Do You Trust Your Neighbours?

New research suggests that many of us don't


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Everybody needs good ones or so the theme tune goes so why do so many of us not trust ours?

Traditional neighbourhood values of shared interests amid like-minded people is on the decline according to new research with more than one quarter (27%) of us claiming that we “do not trust” our neighbours and many of us feel we neither have a lot in common with (59%) nor share the same values (44%) as them.

Those are the key findings of a new study into British neighbourhoods from Legal & General. The 'Next Door Strangers' report also found that the majority of British residents don’t know their neighbours’ names and wouldn’t recognise them if they passed them in the street (70%). According to the research, on average, we would only immediately recognise just over one in three (37%) of the people from our street.

British neighbourhoods are divided on values and sense of community and responsibility:
• More than a third (35%) of us don’t believe that we should have any responsibility for the safety or security of our neighbourhoods
• Nearly half (44%) don’t accept any responsibility for the safety or security of a neighbours’ property
• One in four (25%) of us admit we’d do nothing if we saw someone hanging around our neighbours’ home suspiciously, either out of fear, embarrassment or indifference
• The majority (61%) never socialise with their neighbours, not even occasionally
• Half of us (50%) do not even enjoy “spending time with” our neighbours.

In contrast to the traditional view of neighbourly duties, 42% of us would not trust our neighbours with our homes when we are not there and over one in three (36%) when we are on holiday. 78% of respondents said they do not share keys with their neighbours.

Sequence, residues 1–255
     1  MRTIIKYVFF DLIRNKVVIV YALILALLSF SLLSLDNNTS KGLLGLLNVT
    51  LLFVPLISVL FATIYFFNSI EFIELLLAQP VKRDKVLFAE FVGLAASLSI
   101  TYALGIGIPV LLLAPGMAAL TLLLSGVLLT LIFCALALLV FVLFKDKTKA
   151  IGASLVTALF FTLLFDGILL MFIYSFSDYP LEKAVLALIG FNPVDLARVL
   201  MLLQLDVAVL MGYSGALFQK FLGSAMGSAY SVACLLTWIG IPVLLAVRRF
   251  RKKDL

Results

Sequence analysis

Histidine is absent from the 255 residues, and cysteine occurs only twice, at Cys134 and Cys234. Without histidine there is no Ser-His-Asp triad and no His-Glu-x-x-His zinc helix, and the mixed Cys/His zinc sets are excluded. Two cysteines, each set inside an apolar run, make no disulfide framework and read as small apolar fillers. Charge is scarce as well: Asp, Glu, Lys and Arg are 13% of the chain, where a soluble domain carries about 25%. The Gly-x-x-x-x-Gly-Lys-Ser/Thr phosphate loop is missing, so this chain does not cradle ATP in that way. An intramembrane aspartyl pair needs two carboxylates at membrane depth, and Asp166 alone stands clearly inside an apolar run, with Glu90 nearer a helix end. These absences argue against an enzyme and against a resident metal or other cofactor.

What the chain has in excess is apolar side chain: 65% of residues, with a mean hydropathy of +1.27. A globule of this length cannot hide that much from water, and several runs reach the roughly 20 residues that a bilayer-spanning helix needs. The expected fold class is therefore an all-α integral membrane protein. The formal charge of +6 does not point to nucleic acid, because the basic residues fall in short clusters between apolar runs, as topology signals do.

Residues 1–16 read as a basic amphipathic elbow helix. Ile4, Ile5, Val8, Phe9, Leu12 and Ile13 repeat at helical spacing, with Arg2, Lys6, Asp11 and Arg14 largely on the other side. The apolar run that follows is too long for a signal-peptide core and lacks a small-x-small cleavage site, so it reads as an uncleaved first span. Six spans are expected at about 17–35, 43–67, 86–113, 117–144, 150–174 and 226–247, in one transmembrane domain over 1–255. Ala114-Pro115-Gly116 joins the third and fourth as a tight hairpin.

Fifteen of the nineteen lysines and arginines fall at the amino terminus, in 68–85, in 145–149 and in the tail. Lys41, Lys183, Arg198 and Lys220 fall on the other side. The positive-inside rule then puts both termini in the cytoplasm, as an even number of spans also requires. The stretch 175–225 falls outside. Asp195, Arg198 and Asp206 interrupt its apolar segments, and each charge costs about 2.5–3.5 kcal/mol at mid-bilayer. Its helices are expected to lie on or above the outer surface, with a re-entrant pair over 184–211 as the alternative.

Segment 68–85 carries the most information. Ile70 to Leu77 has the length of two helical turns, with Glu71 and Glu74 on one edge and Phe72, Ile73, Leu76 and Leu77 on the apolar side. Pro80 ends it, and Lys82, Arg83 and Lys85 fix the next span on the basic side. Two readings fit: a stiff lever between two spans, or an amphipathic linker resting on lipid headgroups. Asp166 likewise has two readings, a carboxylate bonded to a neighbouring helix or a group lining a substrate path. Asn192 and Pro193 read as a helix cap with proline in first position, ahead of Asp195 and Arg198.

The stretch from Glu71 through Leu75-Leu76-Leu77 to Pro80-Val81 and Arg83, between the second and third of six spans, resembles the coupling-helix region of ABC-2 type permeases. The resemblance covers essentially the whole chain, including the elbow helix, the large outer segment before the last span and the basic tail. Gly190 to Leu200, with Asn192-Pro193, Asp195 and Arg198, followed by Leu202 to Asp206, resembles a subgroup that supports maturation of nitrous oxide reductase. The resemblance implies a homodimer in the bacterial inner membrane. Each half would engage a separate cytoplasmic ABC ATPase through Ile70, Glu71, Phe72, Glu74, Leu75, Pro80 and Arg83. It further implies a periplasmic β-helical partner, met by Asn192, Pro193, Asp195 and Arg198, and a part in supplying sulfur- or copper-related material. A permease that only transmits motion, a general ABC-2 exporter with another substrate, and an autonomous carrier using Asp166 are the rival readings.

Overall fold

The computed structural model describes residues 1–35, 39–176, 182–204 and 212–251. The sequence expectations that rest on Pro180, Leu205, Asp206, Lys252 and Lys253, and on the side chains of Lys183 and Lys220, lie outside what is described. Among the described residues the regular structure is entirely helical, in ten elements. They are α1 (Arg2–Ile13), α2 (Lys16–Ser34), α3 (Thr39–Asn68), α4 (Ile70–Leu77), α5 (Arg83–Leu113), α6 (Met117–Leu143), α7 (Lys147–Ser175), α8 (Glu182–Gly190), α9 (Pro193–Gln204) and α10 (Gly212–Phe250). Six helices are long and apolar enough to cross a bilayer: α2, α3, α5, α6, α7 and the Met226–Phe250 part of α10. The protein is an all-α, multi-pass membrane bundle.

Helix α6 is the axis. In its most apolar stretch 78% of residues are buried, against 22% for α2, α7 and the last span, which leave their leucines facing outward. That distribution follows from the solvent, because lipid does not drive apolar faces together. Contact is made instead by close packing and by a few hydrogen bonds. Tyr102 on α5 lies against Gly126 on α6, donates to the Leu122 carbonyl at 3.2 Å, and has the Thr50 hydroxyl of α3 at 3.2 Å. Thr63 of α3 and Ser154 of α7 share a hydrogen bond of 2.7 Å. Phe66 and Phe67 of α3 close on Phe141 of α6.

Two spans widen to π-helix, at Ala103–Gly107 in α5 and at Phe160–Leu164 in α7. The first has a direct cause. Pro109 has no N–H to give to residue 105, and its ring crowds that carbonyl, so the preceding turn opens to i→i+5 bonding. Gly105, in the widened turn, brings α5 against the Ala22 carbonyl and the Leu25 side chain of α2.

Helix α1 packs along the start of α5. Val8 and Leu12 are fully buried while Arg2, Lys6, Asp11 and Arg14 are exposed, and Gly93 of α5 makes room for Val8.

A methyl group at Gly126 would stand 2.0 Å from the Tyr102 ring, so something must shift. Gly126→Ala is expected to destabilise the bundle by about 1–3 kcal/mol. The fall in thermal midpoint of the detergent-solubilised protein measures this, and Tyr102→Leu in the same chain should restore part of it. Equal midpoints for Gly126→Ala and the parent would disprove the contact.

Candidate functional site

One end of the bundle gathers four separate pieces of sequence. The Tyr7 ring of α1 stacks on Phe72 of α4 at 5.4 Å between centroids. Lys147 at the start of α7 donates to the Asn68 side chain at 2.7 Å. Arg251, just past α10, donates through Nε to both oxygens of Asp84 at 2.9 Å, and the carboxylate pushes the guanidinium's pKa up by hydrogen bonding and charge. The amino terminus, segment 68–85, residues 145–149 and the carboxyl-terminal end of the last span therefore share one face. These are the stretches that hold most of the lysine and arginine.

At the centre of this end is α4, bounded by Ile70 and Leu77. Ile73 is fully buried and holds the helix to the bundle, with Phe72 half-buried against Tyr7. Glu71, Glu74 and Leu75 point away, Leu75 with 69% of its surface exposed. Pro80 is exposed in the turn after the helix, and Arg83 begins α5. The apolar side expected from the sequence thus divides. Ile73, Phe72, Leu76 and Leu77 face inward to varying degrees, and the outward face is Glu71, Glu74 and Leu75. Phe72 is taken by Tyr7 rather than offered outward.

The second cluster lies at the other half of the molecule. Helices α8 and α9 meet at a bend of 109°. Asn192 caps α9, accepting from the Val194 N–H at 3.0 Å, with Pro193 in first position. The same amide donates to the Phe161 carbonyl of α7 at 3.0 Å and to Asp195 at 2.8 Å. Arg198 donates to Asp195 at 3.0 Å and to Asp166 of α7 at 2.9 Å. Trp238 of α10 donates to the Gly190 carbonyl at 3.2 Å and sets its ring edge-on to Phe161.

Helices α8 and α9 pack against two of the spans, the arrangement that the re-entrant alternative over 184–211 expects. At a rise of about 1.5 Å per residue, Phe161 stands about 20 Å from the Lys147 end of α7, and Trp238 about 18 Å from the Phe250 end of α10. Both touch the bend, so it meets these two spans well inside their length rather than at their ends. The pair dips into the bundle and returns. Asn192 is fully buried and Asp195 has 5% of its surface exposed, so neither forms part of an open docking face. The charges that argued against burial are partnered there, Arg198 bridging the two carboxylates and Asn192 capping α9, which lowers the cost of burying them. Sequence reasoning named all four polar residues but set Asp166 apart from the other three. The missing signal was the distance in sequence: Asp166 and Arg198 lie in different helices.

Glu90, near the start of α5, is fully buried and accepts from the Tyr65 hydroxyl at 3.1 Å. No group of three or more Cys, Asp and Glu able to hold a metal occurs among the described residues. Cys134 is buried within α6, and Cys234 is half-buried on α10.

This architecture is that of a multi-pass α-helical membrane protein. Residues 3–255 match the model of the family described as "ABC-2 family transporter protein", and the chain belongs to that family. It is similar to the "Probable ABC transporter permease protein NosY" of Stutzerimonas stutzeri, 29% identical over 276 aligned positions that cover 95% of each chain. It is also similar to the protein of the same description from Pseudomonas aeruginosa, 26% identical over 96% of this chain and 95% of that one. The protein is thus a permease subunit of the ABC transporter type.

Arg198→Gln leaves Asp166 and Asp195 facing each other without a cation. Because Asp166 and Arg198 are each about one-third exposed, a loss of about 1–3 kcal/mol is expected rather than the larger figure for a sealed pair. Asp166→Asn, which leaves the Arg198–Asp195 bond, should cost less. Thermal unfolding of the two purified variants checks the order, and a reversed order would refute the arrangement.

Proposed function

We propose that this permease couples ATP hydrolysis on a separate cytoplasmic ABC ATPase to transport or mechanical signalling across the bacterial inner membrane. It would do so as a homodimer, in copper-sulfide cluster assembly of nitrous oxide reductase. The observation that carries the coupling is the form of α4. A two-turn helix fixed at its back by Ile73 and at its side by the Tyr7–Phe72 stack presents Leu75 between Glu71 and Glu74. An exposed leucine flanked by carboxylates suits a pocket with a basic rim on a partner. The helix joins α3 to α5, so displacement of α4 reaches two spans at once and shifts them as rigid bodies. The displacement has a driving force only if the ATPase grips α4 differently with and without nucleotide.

Instead, it seems some of the values of neighbourliness have shifted online. Many of us are now more ‘neighbourly’ with people on social networks than with those in our street: 34% of social networkers are ‘friends’ with or ‘follow’ people we’ve never met before on Facebook or Twitter but fewer than one in five (19%) are online friends with a neighbour. Only 8% have bothered to check if a neighbour is on a social network site.

Legal & General’s Gary Pickering said, "'People are choosing to socialise more online, for example. Changing employment patterns have led to some people living away from the home, in areas where they do not necessarily have ‘roots’, for part of the week or a sustained period of time. In some areas of the country, one in four homes is a second home. We read that the traditional village is in decline, with many campaigns to save them. These are all example factors that may have led to a decline in the traditional idea of ‘neighbourliness’."

August 18, 2010

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